UK condemns US for leak of Manchester attacker's name

UK condemns US for leak of Manchester attacker's name
Wed May 24, 2017 15:00:50

The UK's Home Secretary has criticised the United States after confidential details about the Manchester Arena attack appeared in the media after having apparently been leaked by American spooks.

(Independent) -- Amber Rudd said US conduct had been "irritating" and said she had made clear to her American counterparts that such leaks "shouldn't happen again".

The episode comes just a week after US president Donald Trump defended his right to leak classified intelligence to other countries' leaders. Mr Trump has also criticised leaking from the US intelligence establishment.

Asked on BBC Radio 4's Today programme about the US leaks, Ms Rudd said: "The British police have been very clear that they want to control the flow of information in order to protect operational integrity, the element of surprise.

"So it is irritating when it gets released from other sources and I have been very clear with our friends that that should not happen again."

Asked whether US conduct had compromised the investigation into the Manchester Arena attack, she said: "I wouldn’t go that far but I can say they are perfectly clear about the situation and that it shouldn’t happen again."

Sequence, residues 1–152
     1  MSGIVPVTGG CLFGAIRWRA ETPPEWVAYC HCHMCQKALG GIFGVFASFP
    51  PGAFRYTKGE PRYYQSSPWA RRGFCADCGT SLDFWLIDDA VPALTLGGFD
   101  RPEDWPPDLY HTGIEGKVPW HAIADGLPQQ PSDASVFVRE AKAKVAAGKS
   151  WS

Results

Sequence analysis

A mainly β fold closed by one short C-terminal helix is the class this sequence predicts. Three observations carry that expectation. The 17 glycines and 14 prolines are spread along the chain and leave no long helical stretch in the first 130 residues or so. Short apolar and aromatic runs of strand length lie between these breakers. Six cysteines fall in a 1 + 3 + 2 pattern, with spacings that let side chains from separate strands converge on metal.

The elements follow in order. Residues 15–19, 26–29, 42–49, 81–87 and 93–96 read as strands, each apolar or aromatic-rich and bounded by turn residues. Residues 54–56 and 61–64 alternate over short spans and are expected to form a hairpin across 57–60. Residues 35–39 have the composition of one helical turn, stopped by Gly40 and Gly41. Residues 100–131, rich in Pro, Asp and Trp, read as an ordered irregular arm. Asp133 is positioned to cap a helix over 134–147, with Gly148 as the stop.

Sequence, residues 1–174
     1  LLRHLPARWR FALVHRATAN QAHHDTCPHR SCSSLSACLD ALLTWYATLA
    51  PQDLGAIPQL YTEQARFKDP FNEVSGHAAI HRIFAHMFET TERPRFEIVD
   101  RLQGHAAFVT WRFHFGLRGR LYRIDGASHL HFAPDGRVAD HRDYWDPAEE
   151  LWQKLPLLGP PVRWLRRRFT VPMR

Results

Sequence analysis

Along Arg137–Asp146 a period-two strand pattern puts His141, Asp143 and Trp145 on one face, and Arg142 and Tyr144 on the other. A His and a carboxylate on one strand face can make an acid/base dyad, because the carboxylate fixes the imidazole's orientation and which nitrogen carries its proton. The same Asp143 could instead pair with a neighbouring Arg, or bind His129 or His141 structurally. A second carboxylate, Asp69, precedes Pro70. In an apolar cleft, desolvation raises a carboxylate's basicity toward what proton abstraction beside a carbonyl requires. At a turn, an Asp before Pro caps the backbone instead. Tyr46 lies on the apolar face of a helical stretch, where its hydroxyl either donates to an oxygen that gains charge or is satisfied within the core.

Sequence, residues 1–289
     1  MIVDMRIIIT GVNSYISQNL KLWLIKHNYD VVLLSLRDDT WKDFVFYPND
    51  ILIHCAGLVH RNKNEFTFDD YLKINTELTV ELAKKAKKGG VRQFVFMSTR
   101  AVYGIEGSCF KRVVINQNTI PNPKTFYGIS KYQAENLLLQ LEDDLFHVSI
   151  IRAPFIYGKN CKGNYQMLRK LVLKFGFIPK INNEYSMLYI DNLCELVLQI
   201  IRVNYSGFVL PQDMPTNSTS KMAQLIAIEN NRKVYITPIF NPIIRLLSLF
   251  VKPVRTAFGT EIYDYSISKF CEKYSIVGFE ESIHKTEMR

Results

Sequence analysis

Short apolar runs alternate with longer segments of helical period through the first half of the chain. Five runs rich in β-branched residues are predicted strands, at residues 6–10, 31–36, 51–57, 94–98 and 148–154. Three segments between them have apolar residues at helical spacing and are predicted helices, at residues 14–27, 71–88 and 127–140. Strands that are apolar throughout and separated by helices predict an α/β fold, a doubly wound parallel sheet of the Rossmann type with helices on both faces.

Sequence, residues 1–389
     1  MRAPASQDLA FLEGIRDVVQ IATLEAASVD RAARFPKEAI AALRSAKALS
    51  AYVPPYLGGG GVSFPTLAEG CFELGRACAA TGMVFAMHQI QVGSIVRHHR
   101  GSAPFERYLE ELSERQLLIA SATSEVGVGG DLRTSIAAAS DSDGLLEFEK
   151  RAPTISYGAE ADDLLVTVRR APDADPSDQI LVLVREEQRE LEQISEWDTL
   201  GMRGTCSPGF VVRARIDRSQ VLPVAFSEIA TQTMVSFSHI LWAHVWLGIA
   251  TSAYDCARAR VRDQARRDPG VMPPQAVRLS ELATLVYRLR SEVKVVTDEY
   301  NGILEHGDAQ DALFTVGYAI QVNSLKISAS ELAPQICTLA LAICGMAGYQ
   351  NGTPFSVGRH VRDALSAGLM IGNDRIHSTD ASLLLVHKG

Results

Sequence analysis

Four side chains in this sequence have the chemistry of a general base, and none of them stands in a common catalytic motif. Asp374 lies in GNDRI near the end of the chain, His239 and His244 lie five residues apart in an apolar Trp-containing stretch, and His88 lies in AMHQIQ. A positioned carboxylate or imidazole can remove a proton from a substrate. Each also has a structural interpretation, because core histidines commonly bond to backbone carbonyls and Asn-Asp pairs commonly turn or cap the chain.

A number of details about the Manchester Arena attack appeared in the US media – most notably on networks NBC and CBS – before British police had publicly released them to the UK media.

The initial death tolls, the fact the attack appeared to be a suicide bombing, and the name of the attacker, were all released through US outlets, apparently via leaky US intelligence sources.

Intelligence is shared between Britain, America, Canada, Australia and New Zealand under the UKUSA agreement, the so called "Five Eyes" programme.

The latest leaks come after Theresa May personally expressed confidence in the US-UK intelligence sharing programme. Questioned about Mr Trump's apparent leaking to the Kremlin, Ms May had said: "We continue to work with the United States and we continue to share intelligence with the United States, as we do with others around the world."

The Associated Press news agency last week reported an official from an unnamed European country saying that they might stop sharing intelligence with Washington due to leaks, and that continuing to do so “could be a risk for our sources”.

22 people were killed and 59 injured, many of them children, in Monday night's attack on the Manchester Arena during a concert by pop star Ariana Grande.

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